9OYS Consumer Watch
Spa One customers concerned about sudden 'temporary' closure
Many wonder what will happen with their membership credits, gift cards
Reporter: Claire Doan
Spa One, a well-known Tucson Spa Chain, has suddenly closed down without giving customers a heads-up; and many are scrambling to stop their monthly membership fee from being automatically deducted from their bank accounts, as services will not be provided for the month of August.
Signs have been posted at all three Spa One locations in Tucson that read: "Spa One regrets to inform you that due to owner's illness, we will be temporarily closed until Labor Day Weekend." Many customers found this out only after showing up for their scheduled appointments, only to realize the spa was closed.
"My daughter has an appointment on Saturday and they never even called to cancel the appointment," said Susan DeHart, who along with her daughter and mother all have Spa One memberships. "I think it's just really unfortunate they didn't run their business well ehough to at least let us know what was going on."
"'I'm concerned about whether in fact they will open up again," said Rose Vega, who has about $200 worth of credit and a $200 gift card from Spa One. "It is frustrating because it makes me think there is something fishy."
Customers who wanted to stop the company from potentially deducting a monthly membership fee could not reach anyone at Spa One via email or phone. Many also had trouble logging online to make changes to their Spa One accounts.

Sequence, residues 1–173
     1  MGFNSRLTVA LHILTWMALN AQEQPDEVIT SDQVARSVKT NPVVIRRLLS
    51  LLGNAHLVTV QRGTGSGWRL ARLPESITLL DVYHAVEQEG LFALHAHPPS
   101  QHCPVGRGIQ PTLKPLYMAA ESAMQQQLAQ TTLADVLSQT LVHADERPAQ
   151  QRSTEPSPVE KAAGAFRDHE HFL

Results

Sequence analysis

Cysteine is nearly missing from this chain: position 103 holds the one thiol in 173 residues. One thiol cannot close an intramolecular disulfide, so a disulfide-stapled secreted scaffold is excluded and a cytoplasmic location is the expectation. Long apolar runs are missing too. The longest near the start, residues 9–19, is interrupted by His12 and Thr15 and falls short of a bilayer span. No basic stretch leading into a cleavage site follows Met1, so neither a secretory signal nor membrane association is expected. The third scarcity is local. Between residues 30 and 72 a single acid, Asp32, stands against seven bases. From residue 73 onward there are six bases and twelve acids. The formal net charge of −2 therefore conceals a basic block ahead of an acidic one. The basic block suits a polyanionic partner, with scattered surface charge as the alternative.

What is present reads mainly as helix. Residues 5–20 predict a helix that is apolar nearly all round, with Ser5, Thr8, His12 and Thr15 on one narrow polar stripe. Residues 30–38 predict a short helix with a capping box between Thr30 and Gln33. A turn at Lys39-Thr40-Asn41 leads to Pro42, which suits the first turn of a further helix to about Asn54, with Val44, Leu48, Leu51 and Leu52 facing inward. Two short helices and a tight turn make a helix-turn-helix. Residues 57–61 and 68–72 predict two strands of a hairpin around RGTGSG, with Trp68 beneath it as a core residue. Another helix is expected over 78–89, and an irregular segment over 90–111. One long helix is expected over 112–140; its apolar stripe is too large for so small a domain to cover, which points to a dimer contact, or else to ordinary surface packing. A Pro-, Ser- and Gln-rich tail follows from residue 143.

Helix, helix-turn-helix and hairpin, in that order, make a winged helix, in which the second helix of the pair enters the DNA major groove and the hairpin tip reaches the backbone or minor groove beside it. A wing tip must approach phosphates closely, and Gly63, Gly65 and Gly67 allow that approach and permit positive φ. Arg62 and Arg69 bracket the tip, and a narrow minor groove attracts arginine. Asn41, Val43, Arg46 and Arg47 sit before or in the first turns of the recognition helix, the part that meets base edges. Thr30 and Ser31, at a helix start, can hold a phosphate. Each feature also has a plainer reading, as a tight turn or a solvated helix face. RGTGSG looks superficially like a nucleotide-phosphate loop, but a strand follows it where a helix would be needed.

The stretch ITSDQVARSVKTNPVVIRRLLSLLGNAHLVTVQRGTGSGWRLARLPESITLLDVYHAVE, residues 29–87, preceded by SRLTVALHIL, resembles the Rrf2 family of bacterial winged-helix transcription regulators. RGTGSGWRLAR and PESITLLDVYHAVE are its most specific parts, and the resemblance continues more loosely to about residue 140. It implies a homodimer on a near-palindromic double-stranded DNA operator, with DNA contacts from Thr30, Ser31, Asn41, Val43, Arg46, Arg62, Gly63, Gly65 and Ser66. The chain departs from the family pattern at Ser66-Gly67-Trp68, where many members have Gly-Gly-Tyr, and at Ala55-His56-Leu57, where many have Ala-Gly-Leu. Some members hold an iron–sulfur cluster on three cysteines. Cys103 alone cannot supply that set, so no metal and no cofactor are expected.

"When I put in my name and email address, it tells me I'm not recognizable through Spa One," Vega said. "You don't operate a busines that way. That's why you let your managers take over your busines while you are either sick or recovering."
KGUN9 News called the numbers that Spa One had on file with the Arizona Corporation Commission, but nobody answered.
Nick LaFleur, a spokesperson for the Better Business Bureau, said that in the last three years Spa One has had ten complaints to which they did not respond, giving them the lowest BBB rating of "F."
"We haven't been able to get a hold of the business," LaFleur said. "We're not sure it's going to be a month. You can take them at their word, but they're not being responsive."
LaFleur advised that before entering in any contract with a business, customers should do their research and make sure it the company is legitimate, especially if the contract will require an automatic weekly or monthly fee deducted from a bank account or credit card.
Even if Spa One shuts down, people are still legally entitled to the services in the amount that has been deducted from their bank account or on their gift cards, LaFleur said. However, practically speaking, it would be difficult to get that value back from the company, especially if it files for bankruptcy.